1. Kevin Neilson June 13, 2013 at 12:57 am

    I read him! And love him still. Hands, even the very thought of it, still moves me to emotion. What a damn fine writer!

  2. Trevor June 13, 2013 at 12:03 pm

    Do you mean “I REED him” or “I RED him”? If you, like me, have been negligent in reading his later works, I’ll try to point out the ones you have got to read. Also, I agree with you about “Hands.” It’s probably the piece I remember best, and it is so surprising to read such a piece in a 1919 book about small town life! My write-up of “Hands” will be going up toward the end of next week, and I’d love your comments there.

    I think you’ll be excited to hear that once I’m done with Anderson’s volume I’m moving on to Flannery O’Connor (all this while moving slowly forward with Alice Munro, and probably a few others from time to time), at which point I’ll finally get through Wise Blood. I’m afraid that train stalled last year during our move.

    Oh, and by the way, it’s nice to see you around and blogging again :-).

  3. Trevor June 13, 2013 at 12:05 pm

    I should note that after posting this Stuart Evers mentioned to me on Twitter that he’s spent the last couple of months reading all of Anderson’s work. That was refreshing to hear!

  4. KevinfromCanada June 13, 2013 at 1:11 pm

    I too have only read (and certainly appreciated) Winesberg — partly because tracking down copies of the other volumes was a chore. The LoA having taken away that excuse, I’ll order a copy of this volume and try to chip in with occasional comments.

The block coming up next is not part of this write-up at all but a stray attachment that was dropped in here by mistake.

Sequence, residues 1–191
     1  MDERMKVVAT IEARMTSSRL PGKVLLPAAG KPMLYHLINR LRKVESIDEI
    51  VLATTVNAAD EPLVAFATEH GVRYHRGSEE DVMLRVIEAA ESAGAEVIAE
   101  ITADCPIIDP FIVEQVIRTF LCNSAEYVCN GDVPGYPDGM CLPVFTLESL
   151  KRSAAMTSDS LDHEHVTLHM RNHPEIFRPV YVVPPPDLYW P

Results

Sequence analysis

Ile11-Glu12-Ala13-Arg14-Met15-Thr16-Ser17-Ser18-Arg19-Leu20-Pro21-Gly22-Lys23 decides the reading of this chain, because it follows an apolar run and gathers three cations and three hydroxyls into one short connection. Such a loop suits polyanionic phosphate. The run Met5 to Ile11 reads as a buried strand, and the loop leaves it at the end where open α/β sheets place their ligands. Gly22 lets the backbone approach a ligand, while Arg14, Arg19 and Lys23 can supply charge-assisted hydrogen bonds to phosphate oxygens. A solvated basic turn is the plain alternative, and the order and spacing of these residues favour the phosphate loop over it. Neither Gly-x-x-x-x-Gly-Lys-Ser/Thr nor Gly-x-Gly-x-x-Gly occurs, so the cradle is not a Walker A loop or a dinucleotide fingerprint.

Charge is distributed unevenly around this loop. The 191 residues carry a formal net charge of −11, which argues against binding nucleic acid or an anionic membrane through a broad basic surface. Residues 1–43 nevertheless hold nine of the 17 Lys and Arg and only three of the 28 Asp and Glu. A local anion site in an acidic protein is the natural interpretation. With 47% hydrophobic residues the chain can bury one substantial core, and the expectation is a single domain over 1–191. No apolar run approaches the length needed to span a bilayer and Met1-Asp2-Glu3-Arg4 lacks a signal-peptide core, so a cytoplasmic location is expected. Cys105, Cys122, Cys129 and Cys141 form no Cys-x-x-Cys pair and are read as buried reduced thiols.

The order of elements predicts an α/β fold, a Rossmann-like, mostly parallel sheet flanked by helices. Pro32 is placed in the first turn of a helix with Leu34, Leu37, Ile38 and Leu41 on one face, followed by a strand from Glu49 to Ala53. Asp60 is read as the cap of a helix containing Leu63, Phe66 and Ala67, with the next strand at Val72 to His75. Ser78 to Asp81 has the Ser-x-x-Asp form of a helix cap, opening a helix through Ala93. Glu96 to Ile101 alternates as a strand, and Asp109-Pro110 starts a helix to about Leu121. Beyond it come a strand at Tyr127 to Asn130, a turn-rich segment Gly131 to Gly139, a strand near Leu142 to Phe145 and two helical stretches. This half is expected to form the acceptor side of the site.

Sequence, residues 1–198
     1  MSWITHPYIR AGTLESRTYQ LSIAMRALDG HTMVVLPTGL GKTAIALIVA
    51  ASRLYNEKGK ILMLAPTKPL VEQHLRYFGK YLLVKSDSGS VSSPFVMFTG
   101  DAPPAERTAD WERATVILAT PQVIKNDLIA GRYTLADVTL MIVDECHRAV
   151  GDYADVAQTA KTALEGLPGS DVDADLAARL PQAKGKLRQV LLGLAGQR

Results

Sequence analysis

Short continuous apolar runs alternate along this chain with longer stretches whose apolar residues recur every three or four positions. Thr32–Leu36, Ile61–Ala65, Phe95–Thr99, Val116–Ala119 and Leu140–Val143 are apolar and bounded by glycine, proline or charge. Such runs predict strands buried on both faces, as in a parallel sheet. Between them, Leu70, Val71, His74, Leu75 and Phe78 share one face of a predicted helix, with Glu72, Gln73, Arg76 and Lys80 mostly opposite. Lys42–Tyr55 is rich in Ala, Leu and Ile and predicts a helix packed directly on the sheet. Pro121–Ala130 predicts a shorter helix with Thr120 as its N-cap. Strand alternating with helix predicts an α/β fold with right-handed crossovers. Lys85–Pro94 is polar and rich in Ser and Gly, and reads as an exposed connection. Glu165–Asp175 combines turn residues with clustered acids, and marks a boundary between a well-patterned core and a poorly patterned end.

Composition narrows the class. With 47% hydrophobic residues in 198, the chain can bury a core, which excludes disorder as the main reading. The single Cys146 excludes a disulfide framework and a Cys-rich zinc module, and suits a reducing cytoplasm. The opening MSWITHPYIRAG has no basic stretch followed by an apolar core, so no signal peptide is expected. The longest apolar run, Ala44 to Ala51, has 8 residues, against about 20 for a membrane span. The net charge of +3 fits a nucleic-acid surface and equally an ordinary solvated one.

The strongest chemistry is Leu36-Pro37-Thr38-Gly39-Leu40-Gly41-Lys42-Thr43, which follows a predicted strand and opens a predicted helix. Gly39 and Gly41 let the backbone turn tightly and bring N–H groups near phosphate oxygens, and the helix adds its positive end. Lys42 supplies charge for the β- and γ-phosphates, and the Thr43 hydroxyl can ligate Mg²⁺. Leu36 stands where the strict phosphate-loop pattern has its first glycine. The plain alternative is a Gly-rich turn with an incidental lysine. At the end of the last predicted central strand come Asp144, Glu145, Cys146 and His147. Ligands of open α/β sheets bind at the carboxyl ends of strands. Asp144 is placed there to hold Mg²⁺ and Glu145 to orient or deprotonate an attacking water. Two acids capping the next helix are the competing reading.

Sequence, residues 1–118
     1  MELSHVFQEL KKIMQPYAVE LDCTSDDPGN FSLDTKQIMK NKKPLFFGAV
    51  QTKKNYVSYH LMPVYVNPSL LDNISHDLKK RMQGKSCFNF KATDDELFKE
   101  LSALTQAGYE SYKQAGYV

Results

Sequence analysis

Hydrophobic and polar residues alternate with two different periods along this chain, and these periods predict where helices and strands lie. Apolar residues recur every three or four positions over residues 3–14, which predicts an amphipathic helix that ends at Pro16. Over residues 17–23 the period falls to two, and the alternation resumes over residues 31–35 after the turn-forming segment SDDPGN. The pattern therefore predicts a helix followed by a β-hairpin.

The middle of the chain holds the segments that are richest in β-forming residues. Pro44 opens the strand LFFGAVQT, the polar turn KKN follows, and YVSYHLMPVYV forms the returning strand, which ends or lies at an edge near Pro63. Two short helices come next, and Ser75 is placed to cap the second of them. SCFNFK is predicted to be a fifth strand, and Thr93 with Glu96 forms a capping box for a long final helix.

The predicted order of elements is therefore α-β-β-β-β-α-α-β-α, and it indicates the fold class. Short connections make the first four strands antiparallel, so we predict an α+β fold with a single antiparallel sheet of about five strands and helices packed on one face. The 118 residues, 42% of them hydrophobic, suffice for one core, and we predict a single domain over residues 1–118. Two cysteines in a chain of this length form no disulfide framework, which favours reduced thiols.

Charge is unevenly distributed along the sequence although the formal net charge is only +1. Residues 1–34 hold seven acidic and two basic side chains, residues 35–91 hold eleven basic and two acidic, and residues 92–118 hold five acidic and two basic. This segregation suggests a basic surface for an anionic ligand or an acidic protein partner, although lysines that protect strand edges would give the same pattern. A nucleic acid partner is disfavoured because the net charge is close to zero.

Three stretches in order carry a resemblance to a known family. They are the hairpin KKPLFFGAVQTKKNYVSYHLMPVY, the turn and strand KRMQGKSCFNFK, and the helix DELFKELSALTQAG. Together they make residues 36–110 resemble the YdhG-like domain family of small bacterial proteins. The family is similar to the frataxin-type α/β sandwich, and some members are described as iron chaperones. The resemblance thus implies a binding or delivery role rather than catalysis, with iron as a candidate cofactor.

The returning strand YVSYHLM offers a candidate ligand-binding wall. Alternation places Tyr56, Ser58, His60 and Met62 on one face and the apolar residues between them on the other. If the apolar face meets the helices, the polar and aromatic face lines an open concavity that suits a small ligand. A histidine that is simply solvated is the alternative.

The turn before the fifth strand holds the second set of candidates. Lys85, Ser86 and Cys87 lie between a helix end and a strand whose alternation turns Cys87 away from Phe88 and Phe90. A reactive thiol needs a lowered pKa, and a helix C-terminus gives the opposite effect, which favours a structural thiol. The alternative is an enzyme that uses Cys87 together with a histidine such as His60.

I’m not sure how planned your short story reading is: Is there any chance you can provide a “next up” list of two or three stories at the end of reviews when you do start posting them?

  5. Trevor June 13, 2013 at 4:44 pm

    I remember when you read Winesburg, Kevin. That was the last time I revisited it too, right around the release of Roth’s Indignation, I believe, since his main character there goes to Ohio’s Winesburg College and Elizabeth Strout’s Pulitzer for her linked stories in Olive Kitteridge. Seems like just the other day, but that’s been about four or five years ago! I meant to review Winesburg then, but I’m glad it’s come to this.

    As for a “next up” list, I can certainly do that. For your benefit now, here’s my schedule for the first three posts on Winesburg, give or take a day or two should something else fall through (which I don’t think is likely right now):

    *Wednesday, June 19: “The Book of the Grotesque”
    *Thursday, June 20: “Hands”
    *Friday, June 21: “Paper Pills”

    I’m doing three of them together like that for a couple of reasons: 1) to get the project rolling and 2) because I’ll be on holiday all next week and wanted to make sure something was scheduled in my absence.